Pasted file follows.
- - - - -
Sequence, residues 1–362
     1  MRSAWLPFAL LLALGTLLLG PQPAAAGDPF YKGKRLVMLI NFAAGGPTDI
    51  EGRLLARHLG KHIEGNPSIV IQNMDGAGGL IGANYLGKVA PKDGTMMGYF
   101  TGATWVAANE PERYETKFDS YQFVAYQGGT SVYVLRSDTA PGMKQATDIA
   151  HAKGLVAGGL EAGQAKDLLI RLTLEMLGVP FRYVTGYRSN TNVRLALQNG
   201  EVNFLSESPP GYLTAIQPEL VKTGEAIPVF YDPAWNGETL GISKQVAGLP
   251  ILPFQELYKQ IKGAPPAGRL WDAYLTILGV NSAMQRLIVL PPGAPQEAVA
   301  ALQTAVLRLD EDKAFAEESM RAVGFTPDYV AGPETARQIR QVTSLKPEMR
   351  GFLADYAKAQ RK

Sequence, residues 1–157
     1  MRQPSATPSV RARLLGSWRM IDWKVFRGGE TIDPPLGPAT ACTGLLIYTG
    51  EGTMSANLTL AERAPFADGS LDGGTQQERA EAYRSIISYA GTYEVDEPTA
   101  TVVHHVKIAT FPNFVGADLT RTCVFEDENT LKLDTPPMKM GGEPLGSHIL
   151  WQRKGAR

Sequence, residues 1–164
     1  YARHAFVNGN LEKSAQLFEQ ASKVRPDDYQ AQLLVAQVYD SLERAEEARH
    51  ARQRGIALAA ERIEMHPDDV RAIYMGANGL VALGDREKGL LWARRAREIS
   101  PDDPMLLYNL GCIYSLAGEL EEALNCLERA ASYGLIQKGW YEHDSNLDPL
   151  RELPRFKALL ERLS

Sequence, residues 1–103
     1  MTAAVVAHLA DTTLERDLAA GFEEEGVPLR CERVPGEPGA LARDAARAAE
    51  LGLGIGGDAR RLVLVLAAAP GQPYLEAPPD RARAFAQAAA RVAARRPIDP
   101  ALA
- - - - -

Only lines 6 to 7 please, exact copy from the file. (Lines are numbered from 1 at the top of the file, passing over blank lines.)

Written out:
   201  EVNFLSESPP GYLTAIQPEL VKTGEAIPVF YDPAWNGETL GISKQVAGLP
   251  ILPFQELYKQ IKGAPPAGRL WDAYLTILGV NSAMQRLIVL PPGAPQEAVA